There was a time when people thought that the Earth was at the centre of our universe, orbited by all the other objects. Even when this was disproved by Copernicus and Galileo, it was some time before anyone paid attention - entrenched beliefs are hard to shift. But eventually, it became impossible for people to query what they could see with their own telescopically-enhanced eyes, and theory became fact.
So when United, first against Chelsea and then Bayern Munich, supplied incontrovertible evidence that zest and pace are essential components of any cohesive football team, it was fair to assume that even stubborn old geocentric Fergie would accept what he once knew, but of course he did not. Though in the press conference prior to the Blackburn game we were warned of his likely selection, there remained the hope that it was yet another lie, but sadly it was not; the oldies were back, and unsurprisingly, they soiled themselves.
Still, at least Fletcher will be well refreshed for his summer holiday and O’Shea closer to what passes for match-fitness in time for his. Meanwhile Rafael - so outstanding in Europe - was once again left out, enabling the return of Gary Neville and the ball flipped aimlessly around the corner. It’s not even as though his youthfulness gives him the monopoly on stupidity, Neville’s needless handball ceding the free kick from which Munich scored their first-leg equaliser, but he was recalled nonetheless, no doubt on account of his “experience”. Or in other words, Fergie was worried about Blackburn. Yes, Blackburn.
Blackburn really is a horrible place, cold even when it’s warm, dark even when it’s light. Walking towards the ground, a carload of fat goths in football shirts momentarily distracted from the team selection, but 20 minutes later we’d all remembered again, watching Nani and Macheda perform the worst shooting practice in living memory whilst Berbatov wandered around artistically, understandably reticent to bother himself with such piffling trifles.
At least this time he was given a striking partner, though very much the wrong one. For now at least, Macheda’s limited all-round game makes him no more than a handy sub; stationing him on the shoulder of the last man to use the pace he doesn’t have was never likely to work, and the ball wasn’t in the box enough for him to exploit his knack for finding space.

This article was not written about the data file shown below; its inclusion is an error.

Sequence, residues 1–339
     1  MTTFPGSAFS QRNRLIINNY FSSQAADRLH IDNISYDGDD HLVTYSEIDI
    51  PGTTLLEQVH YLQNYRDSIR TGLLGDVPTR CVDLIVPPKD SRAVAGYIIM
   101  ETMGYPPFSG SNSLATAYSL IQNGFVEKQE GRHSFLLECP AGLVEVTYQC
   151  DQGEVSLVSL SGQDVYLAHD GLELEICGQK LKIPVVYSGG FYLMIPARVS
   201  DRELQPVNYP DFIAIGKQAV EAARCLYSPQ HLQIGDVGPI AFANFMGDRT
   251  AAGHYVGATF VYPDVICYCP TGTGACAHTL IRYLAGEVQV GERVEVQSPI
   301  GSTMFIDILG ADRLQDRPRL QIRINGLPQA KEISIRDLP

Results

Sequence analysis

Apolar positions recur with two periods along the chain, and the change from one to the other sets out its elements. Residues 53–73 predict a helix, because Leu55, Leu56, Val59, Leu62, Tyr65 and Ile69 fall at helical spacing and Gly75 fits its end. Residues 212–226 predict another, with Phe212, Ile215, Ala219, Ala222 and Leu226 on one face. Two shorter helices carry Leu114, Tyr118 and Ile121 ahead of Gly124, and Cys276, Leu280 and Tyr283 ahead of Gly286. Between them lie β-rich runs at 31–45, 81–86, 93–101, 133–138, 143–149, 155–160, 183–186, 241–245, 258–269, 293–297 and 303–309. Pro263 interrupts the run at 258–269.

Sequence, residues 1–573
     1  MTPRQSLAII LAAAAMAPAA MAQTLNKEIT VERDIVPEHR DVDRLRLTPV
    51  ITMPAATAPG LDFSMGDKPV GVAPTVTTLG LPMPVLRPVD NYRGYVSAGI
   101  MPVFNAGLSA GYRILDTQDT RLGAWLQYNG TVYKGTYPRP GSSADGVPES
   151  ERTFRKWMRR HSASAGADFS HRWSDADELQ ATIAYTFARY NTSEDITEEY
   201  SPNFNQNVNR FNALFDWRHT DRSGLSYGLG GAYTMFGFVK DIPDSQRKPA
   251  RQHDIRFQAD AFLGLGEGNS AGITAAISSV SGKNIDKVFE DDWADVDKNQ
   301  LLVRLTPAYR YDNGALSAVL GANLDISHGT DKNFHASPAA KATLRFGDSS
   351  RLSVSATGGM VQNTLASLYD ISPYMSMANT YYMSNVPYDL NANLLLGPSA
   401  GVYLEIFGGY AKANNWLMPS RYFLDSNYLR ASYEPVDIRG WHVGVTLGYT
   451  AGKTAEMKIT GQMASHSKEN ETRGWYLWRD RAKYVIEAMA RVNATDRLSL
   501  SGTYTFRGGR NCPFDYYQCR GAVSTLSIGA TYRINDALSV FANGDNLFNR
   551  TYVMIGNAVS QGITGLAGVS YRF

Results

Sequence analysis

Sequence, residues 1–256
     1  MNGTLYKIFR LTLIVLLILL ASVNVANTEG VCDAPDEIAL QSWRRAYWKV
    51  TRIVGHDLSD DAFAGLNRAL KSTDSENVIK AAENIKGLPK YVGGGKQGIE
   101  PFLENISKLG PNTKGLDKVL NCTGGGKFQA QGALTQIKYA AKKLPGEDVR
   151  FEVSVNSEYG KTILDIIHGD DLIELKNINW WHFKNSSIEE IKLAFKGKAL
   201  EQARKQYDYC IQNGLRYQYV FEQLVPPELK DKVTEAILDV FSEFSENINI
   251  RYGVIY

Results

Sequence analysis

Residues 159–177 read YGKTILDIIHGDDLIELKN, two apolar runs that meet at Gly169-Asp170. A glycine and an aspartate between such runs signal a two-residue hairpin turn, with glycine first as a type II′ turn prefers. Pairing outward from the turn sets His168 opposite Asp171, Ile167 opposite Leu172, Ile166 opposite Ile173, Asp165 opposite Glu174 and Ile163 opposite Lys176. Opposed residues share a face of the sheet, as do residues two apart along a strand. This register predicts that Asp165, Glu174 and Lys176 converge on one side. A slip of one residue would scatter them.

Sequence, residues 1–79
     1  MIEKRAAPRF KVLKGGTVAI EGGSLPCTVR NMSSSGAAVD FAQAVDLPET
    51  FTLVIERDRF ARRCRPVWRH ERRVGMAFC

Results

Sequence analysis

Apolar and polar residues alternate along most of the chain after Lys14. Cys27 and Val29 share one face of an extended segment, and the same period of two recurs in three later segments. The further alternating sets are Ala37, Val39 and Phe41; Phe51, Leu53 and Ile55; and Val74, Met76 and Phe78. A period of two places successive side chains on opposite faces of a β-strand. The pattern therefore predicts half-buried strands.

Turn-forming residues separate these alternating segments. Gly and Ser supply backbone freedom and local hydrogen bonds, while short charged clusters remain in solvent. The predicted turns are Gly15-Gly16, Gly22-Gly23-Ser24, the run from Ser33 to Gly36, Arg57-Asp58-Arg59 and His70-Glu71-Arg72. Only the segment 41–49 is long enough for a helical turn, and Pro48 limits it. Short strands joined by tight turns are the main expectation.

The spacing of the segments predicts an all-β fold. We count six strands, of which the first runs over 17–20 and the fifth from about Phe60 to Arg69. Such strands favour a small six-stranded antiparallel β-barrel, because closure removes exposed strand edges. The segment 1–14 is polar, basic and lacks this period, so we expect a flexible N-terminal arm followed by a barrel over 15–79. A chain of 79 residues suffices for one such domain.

Thus what ensued was a dull half, United dominating possession but with less edge than a velvet-covered circle. Fortunately events were livened up by a midget in a Blackburn away shirt, posturing in front of the United end for reasons best known to himself. And the thrills continued through the break, during which we enjoyed Blackburn’s goal of the season competition, the shortlist comprised largely of tap-ins, headers and scuffs.
The second 45 brought little improvement. It did, however, provide a vehicle for Sam Allardyce to prove once and for all that he can coach more than the traditional English stereotype - not only are his team remarkably well-schooled in the art of time wasting, but his ball boys too, continental sophisticates all. And how unfeasibly apt that a personality of such divine magnitude and humility be sponsored by a company called Zeus, the man himself no doubt flattered by the association.
As the half sputtered on, it became increasingly obvious that no one was going to score, the flow broken both by the concession of needless free kicks and fools in the away end hilariously hanging on to the ball after yet another crap shot. Chasing a game, even on the occasions that the required goals don’t arrive, you expect United to make it look like they might, but bereft of ideas and enthusiasm, the anticipated onslaught never materialised.
A sizeable contingent of United’s following seemed to blame this stolidity on Berbatov, though he stood out as the first half’s sole piece of sweetcorn before succumbing to his surroundings in the second. As with Tevez last season, it’s been painful watching Fergie slowly eviscerate his confidence, and if there was a chance of getting in a replacement anywhere near as good, then it’d probably be time to let him flourish elsewhere.
Again, the absence of Rooney didn’t help; if Cantona was the footballing equivalent of Lebowski’s rug that tied the room together, then Rooney is the room itself, without whom furniture is irrelevant. This is the direct consequence of a squad replete with complementary players, men able to facilitate but not instigate, the lack of individual inspiration leading to dropped points when the collective underperforms.
Thus the players were reduced to appealing for imaginary penalties, the support waiting for the inevitable and depressing defiance of “we’ll never die”. At least we’re almost out of our misery, though the lameness with which the title has been surrendered will annoy for evermore.
For this the fault lies mainly with Fergie, making nowhere near the best use of the squad afforded - or not afforded him , and reduced to desperately and transparently challenge to Bolton to prove they’re not “an easy game”. And now that’s failed, we’re relying on flaky Tottenham and plain useless Liverpool to help us out, on the basis that United can be relied upon to also help themselves, which of course they cannot.
So it was that by late Sunday afternoon, United’s official website bore the headline: “Boss rues poor decisions”. “I should jolly well think so,” is a broad and less profane approximation of what I thought, but it turned out that Fergie was criticising his players, rather than admitting culpability for the errors that have made such a mess of everything. The earth may be at the centre of our universe, but for Fergie there’ll only ever be one thing at the centre of his.